Notes from a Shellshocked Jim

In the UK we needed 2 bottles of Shiraz plus 2 straws. Here it is a goon bag each. (a goon bag is a 4 litre cask with the cask ripped away!). A brilliant trip across the Channel and a pleasant stay in Cherbourg did not prepare us for the journey ahead.

Geeves has been replaced by Jean Paul (JP from now on). We picked up our hire car and discovered it was a manual not an automatic for which I had hoped. Do you realize that in a left hand drive car the gears are on your right? Just sit there an imagine it, go on try it.

Do you know how many times I tried to change gears by opening my door? Then there’s the side of the road they drive on – the wrong side! I’ve put my watch on my right wrist in the hope it will help me remember which side of the road I am required to be on to prevent mayhem, misery and death.

Then, coming out of Villedieu-des-Poeles I had to turn left, so I did, right into a one way divided road down which careered a delivery van. Aarrgghh! Luckily we somehow managed to avoid each other. In fact he was quite a polite chap and waved to me!

Interestingly it was the same type of wave that an English driver had also given me, just using one digit on his hand. Funny people these Europeans…

We discovered a number of (obviously) very new motorways on our way to Saint Malo, not only new to us but also to JP. He kept trying to tell us to turn down non existent roads and would then sulk in a very Gallic fashion for a while.

When we came out of VdP we went around the one roundabout about 5 times because he refused to acknowledge the lovely new motorway only a few hundred yards away.

We ended up tricking him by driving part way down a country lane and coming at it from another direction – and it worked!

The journey continued uneventfully until we hit Saint Malo itself. This little village is so magnificent it deserves it’s own blog, so it shall have one another day.

Poor old JP regressed again and had to be spoken to. Eventually we were lead right inside this cobbled walled city – and what was there? Bloody tourists! All over the place, most of them walking in the middle of the road and they couldn’t give a stuff about us!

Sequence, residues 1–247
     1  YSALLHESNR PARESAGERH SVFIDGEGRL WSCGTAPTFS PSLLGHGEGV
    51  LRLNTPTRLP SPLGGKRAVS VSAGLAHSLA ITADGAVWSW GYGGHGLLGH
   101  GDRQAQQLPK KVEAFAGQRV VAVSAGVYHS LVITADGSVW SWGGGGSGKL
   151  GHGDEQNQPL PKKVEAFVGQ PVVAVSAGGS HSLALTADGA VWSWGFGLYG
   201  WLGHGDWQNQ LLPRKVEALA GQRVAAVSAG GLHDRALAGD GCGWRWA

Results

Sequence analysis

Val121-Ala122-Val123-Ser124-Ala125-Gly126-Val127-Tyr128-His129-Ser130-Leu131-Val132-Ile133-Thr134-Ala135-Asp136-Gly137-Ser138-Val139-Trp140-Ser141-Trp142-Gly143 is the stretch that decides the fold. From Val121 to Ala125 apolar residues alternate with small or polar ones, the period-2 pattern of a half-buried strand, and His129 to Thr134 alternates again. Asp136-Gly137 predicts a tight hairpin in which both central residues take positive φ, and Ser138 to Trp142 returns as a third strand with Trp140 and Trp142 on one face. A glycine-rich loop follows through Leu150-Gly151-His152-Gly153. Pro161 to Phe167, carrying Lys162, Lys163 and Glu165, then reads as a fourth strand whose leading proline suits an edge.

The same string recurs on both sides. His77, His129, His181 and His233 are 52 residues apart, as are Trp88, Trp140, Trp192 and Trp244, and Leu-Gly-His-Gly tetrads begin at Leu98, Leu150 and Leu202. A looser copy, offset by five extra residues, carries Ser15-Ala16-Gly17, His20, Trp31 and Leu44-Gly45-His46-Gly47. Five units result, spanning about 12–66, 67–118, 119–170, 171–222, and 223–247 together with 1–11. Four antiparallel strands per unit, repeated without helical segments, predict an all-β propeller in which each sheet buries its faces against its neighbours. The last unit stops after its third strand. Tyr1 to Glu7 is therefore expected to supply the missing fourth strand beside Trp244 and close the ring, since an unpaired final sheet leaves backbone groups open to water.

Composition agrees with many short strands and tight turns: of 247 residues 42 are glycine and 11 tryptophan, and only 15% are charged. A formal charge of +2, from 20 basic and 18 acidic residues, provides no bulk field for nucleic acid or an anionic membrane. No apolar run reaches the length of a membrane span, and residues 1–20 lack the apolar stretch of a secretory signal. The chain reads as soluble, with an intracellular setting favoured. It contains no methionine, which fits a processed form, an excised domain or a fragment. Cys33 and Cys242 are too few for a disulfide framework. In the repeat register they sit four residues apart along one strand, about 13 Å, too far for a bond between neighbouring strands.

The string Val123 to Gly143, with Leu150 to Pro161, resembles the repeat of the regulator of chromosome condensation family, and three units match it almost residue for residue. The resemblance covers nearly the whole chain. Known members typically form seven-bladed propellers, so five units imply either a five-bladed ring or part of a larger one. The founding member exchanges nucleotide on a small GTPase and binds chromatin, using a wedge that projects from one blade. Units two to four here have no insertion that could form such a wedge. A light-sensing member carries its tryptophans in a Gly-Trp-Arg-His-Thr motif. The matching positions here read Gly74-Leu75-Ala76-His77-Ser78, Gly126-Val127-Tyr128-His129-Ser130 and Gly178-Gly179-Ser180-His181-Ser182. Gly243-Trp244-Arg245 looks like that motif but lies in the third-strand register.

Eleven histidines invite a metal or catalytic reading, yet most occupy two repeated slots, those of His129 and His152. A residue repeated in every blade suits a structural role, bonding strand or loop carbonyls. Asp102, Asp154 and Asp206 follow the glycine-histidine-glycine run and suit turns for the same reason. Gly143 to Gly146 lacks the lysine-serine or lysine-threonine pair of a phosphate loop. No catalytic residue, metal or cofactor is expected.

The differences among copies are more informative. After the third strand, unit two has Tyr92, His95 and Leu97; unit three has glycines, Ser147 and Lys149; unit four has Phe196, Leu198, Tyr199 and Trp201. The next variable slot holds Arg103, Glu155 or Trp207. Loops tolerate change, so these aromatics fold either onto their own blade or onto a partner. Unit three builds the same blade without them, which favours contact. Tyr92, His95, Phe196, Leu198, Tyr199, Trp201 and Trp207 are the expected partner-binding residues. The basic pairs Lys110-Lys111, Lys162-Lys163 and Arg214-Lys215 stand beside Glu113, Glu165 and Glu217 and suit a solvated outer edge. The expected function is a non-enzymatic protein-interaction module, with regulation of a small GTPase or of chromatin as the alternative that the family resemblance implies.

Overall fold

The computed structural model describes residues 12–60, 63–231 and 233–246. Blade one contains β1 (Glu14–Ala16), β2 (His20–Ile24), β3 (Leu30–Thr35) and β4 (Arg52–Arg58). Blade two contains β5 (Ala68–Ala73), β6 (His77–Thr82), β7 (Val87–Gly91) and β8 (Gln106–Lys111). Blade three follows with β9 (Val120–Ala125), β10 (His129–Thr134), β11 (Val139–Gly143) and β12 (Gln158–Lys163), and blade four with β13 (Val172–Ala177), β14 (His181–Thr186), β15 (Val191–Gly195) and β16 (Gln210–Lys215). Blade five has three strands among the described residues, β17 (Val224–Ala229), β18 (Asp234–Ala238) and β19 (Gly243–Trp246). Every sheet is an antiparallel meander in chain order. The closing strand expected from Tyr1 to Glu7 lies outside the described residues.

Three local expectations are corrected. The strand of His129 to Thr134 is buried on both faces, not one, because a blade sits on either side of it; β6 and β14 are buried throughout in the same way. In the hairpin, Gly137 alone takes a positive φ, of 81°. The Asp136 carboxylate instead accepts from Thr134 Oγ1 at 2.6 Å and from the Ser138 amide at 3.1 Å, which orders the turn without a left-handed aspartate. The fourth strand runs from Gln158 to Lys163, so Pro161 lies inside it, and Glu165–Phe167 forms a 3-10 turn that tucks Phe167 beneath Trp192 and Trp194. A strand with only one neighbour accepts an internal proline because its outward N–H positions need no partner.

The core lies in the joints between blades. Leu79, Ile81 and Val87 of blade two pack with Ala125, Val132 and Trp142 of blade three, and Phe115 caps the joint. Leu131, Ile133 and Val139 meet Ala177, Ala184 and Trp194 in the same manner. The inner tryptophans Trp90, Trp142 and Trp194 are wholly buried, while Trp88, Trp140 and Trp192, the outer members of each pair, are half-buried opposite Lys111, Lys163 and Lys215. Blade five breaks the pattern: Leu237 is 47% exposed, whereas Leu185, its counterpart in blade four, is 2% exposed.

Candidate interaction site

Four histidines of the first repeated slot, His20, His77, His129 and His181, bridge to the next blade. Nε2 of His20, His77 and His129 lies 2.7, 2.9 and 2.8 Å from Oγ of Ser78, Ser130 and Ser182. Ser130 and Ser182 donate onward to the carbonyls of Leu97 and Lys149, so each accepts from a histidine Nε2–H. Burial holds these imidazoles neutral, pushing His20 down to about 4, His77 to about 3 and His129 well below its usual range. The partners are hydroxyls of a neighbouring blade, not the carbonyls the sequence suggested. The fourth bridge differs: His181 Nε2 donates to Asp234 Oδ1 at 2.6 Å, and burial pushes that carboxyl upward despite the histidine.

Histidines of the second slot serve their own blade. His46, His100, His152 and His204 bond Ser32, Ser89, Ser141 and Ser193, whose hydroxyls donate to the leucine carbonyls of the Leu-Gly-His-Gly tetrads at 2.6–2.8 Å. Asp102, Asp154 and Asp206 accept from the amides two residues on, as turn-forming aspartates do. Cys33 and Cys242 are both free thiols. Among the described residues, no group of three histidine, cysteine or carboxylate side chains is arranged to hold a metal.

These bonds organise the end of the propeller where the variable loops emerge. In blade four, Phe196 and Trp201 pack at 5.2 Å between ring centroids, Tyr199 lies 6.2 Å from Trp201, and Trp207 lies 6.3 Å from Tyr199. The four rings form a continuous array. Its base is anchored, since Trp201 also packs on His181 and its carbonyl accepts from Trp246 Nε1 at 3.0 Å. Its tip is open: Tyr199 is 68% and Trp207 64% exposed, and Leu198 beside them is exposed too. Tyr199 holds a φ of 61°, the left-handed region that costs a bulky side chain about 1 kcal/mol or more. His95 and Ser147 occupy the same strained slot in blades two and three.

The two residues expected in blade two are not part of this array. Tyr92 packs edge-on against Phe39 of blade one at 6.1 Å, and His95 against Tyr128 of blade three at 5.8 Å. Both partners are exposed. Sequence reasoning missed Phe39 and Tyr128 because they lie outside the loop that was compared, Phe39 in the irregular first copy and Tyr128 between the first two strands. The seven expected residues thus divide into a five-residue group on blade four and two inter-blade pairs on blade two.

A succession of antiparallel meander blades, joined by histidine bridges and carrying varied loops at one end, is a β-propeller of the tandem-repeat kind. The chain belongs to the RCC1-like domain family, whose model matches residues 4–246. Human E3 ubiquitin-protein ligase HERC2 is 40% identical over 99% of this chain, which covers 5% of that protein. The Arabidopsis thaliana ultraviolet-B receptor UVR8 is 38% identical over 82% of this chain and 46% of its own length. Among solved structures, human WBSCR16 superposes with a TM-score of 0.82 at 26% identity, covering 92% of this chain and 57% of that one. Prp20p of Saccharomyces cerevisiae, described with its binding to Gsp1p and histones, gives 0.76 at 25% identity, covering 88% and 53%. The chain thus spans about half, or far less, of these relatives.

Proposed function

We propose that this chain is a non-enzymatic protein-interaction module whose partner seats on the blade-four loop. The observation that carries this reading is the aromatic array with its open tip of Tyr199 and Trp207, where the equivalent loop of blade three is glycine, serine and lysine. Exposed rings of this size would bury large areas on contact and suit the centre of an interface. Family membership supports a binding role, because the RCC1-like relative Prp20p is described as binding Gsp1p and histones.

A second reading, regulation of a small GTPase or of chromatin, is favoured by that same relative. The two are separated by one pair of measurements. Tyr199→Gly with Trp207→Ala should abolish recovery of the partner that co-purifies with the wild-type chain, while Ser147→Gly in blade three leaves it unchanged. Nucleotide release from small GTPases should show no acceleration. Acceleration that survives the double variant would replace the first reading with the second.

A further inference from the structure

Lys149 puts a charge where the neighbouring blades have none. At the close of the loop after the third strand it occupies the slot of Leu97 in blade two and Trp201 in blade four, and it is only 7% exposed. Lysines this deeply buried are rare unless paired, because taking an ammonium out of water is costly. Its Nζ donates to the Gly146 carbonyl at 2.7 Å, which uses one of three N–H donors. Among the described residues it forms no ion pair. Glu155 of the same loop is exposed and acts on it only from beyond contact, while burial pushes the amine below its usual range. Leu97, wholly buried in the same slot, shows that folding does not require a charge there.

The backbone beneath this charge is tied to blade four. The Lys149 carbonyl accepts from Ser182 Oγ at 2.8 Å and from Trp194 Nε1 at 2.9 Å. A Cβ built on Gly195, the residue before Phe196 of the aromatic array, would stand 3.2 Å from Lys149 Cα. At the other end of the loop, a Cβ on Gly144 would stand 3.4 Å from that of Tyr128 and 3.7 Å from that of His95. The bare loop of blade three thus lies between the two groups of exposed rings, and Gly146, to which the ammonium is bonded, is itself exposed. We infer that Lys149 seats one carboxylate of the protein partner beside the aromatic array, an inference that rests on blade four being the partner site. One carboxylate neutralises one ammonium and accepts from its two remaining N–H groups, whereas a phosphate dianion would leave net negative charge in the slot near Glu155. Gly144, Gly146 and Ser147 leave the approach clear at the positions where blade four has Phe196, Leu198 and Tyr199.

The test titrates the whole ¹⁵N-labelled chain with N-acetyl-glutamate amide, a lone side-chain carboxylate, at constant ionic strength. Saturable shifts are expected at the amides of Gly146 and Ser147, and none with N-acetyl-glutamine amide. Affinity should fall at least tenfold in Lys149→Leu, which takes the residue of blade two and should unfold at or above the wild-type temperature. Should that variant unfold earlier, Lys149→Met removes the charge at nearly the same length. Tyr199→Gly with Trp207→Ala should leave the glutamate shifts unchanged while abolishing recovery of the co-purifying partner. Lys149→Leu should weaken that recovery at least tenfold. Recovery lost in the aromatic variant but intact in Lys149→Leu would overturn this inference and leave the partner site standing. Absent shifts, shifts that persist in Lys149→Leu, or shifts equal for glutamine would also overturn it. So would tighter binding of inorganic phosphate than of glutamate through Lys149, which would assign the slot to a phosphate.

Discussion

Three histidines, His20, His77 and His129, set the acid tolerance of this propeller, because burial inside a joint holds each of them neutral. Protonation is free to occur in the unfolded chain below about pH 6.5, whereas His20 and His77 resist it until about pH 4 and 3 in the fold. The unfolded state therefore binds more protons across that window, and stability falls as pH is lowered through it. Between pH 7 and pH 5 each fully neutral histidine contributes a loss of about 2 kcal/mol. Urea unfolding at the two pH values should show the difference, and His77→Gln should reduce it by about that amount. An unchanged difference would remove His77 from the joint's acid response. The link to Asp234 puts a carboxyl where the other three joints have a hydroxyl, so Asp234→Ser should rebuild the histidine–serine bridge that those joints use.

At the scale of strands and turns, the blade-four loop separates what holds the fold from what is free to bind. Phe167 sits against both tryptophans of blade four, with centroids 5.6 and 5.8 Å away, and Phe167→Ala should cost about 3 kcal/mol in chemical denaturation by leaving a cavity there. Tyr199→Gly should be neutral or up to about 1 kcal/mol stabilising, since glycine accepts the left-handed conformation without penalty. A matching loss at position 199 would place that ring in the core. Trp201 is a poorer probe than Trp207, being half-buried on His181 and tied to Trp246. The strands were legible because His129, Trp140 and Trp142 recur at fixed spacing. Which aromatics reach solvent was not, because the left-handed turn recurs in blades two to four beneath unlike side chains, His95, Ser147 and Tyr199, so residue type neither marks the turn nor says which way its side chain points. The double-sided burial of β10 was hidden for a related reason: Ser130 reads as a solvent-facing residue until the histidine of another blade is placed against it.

Somehow we managed to find our hotel (Hotel San Pedro) and a hotel lady who can’t speak English. What is wrong with these French people???? I mean how hard is it to learn English? 3 year olds can do it back in the land of Oz!

Cheryl has deciphered from her where to park our car at no charge (it’s miles away) and I’m getting up about 6:00am to head over in the hope I can find a spot.

On some bushwalks I’ve been on, I’ve rocked into camp cold, exhausted and shivery. Interestingly, whilst the trip was very traumatic, I was able to just keep going. But once I arrived here I started shaking, was very cold and felt ill.

So, a cup of tea, some nuts & fruit then some chocolate and I felt better – same approach as on a b/walk.

Cheryl who has navigated marvelously (she admits to struggling with terms like ‘left’ & ‘right’) even struggled today. I can only think of 1 or 2 occasions when the wrong direction was given in England.

However, today close to 10 times she would raise her right hand and say, ‘in 500 metres turn left.’ I would patiently indicate that perhaps she meant right and the correction would be made.

So, obviously the stress affected both of us.

In the midst of all this we have seen some amazing French sights:

* 1st sight of man exiting Boulangerie avec baguette under his arm,
* Man walking French Poodle
* Man using pissoir – think about it. C was horrified.
* Man riding bicycle with baguette in basket.